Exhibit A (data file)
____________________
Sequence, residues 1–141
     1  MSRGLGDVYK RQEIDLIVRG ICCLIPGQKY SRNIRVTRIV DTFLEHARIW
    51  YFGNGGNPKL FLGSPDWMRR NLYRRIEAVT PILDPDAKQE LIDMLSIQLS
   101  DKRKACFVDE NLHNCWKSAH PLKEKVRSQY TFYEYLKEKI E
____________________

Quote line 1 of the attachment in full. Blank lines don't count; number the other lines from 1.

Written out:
Sequence, residues 1–141